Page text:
Ministry records show that the matter of MD-DNB equivalence was raised by the ministry before the approval and in the meeting dated 26/05/2017, all parties concerned including the council agreed on DNB equivalence as per the notification dated 30/06/2012 and only after that acceptance was given and approval was sanctioned amendment to TEQ rules.
Since the notification of June 2017 for Teachers Eligibility Qualifications (TEQ) has come out, hue and cry has circled around the medical fraternity with many feeling disadvantaged with the amendments that have been made to the requirements to become a medical faculty. Most disadvantaged with the notification are the DNB candidates who have pursued their degrees from non-MCI recognised institutes, whose degree has not been considered equivalent for the teaching career, and who would now have to undergo up to additional five years of training if they wish to pursue a career in medical academia.
However, recent developments show that amendments to the Act have come with a conditional approval on the grounds of the equivalence of the two degrees, as laid down by MCI in an earlier notification of 2012 and hence the amendments to TEQ may stand null and void if the said equivalence is not adhered to.
Medical Dialogues team had earlier reported that MCI through an amendment notification dated 05/06/2017 revised the minimum qualification of Medical teachers with the Minimum qualification for becoming a senior resident, that is the first post in the academic ladder, as MD/MS from MCI recognized institutions.
With the gazette notification per se being silent on DNB qualifications, implications were reflected in the amended of Minimum Qualifications for Teachers in Medical Institutions Regulations, 1998. The notification stated that DNB candidate from non-MCI recognized institutions would require two years additional teaching experience as Sr. Resident/Research Associate (CSIR) in an MCI recognized medical college/central institute to become eligible for the post of Assistant Professor in an MCI recognized Institute. Additionally, such candidates would have to do 3 years of Junior residency to join as a senior resident, which in many cases, would imply upto 5 years of additional service to become eligible to join the teaching positions in medical colleges
Read the whole issue at Medical Dialogues: MCI knocks DNBs out of academia
DNB candidates across the country had clearly opposed the move stating that the gazette notification of 11/06/2012, established the MD-DNB equivalence for both MCI recognized medical colleges as well as non-MCI recognized hospitals that met the criteria laid down by the said MCI Gazette notification in terms of bed-strength and departments. In particular the notification states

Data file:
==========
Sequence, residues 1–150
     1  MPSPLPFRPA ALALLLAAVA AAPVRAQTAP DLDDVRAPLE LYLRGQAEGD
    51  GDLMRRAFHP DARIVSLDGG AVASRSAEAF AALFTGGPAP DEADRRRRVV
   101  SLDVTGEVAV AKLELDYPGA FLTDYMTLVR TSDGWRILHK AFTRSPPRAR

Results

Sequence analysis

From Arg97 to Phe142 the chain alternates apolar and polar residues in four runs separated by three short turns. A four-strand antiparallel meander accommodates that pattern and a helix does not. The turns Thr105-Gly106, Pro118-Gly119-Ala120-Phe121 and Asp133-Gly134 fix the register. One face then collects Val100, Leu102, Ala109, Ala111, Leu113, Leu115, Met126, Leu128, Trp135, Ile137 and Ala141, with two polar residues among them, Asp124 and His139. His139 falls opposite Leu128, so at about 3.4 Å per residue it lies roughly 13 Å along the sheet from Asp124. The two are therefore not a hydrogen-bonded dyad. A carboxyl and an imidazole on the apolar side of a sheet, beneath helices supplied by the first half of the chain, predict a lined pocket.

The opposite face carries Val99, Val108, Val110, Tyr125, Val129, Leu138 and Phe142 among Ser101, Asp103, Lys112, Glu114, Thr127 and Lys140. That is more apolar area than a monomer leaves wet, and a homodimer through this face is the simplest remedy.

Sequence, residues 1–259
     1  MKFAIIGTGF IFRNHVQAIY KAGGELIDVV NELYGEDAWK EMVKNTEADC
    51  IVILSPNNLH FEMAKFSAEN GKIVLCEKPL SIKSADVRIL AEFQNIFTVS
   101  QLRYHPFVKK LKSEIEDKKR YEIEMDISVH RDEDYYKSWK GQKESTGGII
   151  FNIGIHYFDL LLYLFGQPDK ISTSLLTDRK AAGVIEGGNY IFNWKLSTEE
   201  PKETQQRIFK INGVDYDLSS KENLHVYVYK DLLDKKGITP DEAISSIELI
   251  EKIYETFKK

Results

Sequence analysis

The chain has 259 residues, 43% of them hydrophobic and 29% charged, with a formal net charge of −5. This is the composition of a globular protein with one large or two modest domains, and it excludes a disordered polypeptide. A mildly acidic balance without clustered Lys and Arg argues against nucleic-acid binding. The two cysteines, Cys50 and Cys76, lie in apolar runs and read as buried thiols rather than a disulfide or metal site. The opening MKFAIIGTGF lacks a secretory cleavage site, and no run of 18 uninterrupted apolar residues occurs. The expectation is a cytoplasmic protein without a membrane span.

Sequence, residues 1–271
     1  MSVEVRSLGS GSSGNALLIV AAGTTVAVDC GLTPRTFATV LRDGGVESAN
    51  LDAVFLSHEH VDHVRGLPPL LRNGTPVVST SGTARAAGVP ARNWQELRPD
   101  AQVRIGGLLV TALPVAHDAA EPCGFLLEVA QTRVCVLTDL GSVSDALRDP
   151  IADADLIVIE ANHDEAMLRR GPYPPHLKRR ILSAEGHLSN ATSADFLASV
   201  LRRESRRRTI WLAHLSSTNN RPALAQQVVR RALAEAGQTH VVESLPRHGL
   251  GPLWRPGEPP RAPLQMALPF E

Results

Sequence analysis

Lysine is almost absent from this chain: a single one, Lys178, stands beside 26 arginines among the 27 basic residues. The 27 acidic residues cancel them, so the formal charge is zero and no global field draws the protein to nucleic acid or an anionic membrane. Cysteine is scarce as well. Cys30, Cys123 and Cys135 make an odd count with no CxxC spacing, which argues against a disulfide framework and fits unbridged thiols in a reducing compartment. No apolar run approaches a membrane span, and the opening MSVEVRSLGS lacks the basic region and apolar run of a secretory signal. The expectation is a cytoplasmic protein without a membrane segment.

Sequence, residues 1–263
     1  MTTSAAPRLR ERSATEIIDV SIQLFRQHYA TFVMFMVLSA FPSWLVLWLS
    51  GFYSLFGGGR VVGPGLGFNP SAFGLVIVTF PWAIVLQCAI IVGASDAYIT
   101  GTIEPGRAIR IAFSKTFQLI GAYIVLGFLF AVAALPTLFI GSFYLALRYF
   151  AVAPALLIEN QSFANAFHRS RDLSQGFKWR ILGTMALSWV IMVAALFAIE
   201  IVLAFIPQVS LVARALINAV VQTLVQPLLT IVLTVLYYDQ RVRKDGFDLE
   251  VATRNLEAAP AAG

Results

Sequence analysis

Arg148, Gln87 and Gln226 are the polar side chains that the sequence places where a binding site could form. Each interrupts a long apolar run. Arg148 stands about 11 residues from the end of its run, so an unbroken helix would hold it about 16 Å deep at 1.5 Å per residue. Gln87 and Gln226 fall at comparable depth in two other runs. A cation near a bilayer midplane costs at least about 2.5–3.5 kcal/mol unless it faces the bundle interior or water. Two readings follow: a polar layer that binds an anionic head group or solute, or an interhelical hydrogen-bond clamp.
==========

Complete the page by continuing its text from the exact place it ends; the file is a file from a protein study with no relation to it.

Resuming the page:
i)Those candidates who have undergone DNB training in an institution which now runs MCI recognized postgraduate degree courses in a given subject, the’ DNB qualifications shall be considered at par with MCI recognized qualification in that subject only.
ii)Those candidates who have undergone DNB training in a multi speciality teaching hospital with at least 500 beds, involved in various postgraduate/superspeciality teaching programmes provided that the one out of three DNB( supervisors (teachers) qualify as postgraduate teacher as per MCI norms in their previous appointment, and one out of remaining two should qualify as postgraduate teacher as per MCI regulations with the following bed requirement for teaching unit:
|Postgraduate broad specialties
|30 beds per unit 50% beds should be
20 beds per unit teaching beds.
Such qualifications shall be considered at par with MCI recognized qualification.
(iii)Additional training of one year for equivalence of DNB abroad specialties) with MD/MS & DNB(super-specialities) with DM/M.C.h- Those candidates who have undergone DNB training (both broad specialities d super-specialities) in hospital/institution other than mentioned in (ii) above, shall undergo one additional year of senior residency or equivalent training or research job in a MCI recognized hospital/institution, provided such qualifications are notified in the Postgraduate Medical Education Regulations 2000″.
Medical Council of India before notifying any notification has to attain the approval of Ministry of Health, which was also done in this case. Medical Dialogues team has a copy of the records of the Health Ministry of the procedure that was followed in this case. The response clearly reveals that the matter of DNB equivalence was raised by the ministry before the approval and in the meeting dated 26/05/2017, all parties concerned including the council agreed on DNB equivalence as per the notification dated 30/06/2012 and only after that acceptance was given and approval was sanctioned for this notification.
It is clear from the records that if the approval was given conditional on the equivalence of the two degrees, it would stand null and void if the conditions of equivalence are not adhered to. Medical Dialogues team has written to all the stakeholders concerned including officials of the health ministry seeking response, clarification and the future course of action and is following up this issue
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